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The Religion of Creationism
Science of Evolutionary Theory
A perspective from anthropologist Jeffrey K. McKee
The debate between "creationists" and "evolutionists" is a matter of concern to me as an evolutionary scientist. The debate has little to do with science ... scientific debates are played out in the academic journals, where creationism has yet to show a presence. This debate is philosophical, religious, and political. I respect creationists and their views; such is the freedom accorded by the United States of America. But I do not want creationism taught to my children as "science" ... for it is not.
Religion and science can and must co-exist. For most people they do. For a vocal minority known generally as "creationists," and some masquerading as "Intelligent Design scientists," science and religion are at odds. Over the past I've added to this site some FAQs (Frequently Asked Questions) and OGAs (Often Given Answers) about the social debate.
Here I will not dwell on some of the blatantly absurd claims of certain creationists, particularly "young earth" creationists. If people want to believe that the earth is only 10,000 years old, there is no point in arguing because facts become irrelevant. Likewise, if they believe that the Loch Ness monster proves that dinosaurs and humans co-existed, thus constituting "disproof" of evolution, then I wonít let science and logic stand in their way.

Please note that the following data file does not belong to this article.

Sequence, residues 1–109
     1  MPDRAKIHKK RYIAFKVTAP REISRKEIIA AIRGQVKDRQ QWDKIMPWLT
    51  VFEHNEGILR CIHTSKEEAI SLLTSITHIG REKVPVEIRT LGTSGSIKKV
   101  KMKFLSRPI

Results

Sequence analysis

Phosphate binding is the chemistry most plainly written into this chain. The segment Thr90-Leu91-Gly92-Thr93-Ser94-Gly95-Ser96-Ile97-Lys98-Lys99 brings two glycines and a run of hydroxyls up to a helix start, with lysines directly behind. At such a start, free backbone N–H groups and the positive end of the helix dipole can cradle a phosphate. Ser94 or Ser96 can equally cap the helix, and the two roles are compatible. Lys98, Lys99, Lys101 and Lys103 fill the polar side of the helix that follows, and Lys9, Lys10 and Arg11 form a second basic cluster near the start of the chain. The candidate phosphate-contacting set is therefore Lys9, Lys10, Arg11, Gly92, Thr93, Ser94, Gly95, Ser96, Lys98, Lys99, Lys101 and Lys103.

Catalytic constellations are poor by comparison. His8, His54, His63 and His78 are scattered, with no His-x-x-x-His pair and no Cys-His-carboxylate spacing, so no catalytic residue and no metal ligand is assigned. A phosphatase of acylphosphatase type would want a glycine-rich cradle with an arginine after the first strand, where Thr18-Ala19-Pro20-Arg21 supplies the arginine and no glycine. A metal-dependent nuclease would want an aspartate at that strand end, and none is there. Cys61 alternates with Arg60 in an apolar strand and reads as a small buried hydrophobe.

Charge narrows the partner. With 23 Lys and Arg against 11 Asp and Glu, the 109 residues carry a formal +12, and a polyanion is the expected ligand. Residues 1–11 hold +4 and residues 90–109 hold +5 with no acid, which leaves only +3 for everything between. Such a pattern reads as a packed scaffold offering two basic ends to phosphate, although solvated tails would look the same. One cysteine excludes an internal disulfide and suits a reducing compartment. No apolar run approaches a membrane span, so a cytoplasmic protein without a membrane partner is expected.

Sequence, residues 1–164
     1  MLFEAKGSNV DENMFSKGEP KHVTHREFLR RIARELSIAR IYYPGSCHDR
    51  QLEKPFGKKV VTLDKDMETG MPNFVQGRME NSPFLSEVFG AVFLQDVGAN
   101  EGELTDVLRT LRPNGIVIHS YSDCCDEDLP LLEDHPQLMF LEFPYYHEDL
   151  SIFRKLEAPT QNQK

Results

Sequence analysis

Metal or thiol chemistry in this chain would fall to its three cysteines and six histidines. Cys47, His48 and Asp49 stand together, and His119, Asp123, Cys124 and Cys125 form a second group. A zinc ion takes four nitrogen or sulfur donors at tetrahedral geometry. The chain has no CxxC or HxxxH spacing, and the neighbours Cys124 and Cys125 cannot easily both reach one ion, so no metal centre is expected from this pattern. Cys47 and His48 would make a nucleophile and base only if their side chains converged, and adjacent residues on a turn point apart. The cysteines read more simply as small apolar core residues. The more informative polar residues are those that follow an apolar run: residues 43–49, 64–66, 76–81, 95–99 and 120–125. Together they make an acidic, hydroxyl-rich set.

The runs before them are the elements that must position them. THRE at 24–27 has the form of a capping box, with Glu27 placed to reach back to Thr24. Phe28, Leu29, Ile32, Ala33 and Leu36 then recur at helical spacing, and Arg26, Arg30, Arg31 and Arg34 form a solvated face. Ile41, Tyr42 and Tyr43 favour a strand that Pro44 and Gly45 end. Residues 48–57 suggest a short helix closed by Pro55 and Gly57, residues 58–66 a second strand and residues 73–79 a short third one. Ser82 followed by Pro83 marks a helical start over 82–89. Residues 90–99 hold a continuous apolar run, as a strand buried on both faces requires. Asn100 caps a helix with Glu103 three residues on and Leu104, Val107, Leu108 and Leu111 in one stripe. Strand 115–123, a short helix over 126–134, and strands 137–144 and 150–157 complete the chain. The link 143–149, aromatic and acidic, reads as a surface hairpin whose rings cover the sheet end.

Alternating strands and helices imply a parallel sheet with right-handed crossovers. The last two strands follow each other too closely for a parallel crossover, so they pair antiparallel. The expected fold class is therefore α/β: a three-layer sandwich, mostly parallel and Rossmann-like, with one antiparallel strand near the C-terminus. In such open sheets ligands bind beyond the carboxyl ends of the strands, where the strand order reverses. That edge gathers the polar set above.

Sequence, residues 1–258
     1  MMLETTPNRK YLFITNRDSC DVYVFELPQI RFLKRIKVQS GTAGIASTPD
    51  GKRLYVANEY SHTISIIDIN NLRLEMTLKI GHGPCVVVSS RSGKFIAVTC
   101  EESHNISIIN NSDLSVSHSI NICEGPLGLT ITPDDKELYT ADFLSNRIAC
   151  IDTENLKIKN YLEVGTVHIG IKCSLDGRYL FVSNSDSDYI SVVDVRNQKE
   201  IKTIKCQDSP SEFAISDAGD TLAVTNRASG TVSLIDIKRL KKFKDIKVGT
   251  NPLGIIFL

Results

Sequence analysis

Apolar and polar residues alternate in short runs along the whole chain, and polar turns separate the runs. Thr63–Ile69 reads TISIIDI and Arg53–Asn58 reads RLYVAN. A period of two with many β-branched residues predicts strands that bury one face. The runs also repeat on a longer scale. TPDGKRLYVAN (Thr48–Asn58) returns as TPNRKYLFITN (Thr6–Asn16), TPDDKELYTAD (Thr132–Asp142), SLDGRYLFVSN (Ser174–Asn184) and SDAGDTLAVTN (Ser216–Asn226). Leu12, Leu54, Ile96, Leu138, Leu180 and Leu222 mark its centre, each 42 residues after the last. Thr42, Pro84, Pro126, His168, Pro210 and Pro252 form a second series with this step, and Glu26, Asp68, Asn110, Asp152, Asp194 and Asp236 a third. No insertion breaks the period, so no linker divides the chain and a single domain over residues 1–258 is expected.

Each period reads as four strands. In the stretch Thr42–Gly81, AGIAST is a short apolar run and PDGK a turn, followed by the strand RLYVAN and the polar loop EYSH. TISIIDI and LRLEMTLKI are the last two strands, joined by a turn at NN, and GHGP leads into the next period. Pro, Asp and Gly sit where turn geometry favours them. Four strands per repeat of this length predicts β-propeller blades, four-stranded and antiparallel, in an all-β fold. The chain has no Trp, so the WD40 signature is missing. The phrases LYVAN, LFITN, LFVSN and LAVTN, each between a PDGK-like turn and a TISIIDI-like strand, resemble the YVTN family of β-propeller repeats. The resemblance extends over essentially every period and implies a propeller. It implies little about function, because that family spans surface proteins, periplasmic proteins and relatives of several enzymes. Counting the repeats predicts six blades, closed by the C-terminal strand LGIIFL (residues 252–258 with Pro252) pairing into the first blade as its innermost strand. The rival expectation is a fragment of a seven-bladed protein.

Rather Iíll look at some key questions that open minded people are willing to consider. These questions are based on those that I have been asked.
|Evolution/Creation FAQs and OGAs||Creationists Contradictions|
National Center for Science Education
Teaching about Evolution and the Nature of Science (National Academy of Sciences)
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